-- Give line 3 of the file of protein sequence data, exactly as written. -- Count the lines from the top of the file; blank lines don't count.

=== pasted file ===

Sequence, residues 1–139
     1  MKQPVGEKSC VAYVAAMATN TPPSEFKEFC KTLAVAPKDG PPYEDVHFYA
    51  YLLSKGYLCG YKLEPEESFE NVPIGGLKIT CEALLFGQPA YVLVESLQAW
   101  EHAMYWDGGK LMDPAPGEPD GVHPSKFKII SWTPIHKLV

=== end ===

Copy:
    51  YLLSKGYLCG YKLEPEESFE NVPIGGLKIT CEALLFGQPA YVLVESLQAW